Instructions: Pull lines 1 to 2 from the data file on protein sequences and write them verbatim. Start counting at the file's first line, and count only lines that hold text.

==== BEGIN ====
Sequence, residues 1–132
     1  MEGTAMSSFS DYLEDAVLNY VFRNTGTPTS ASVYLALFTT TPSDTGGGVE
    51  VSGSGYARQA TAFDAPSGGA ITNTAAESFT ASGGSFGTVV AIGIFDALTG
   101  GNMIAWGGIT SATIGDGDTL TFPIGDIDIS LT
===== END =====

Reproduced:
Sequence, residues 1–132
     1  MEGTAMSSFS DYLEDAVLNY VFRNTGTPTS ASVYLALFTT TPSDTGGGVE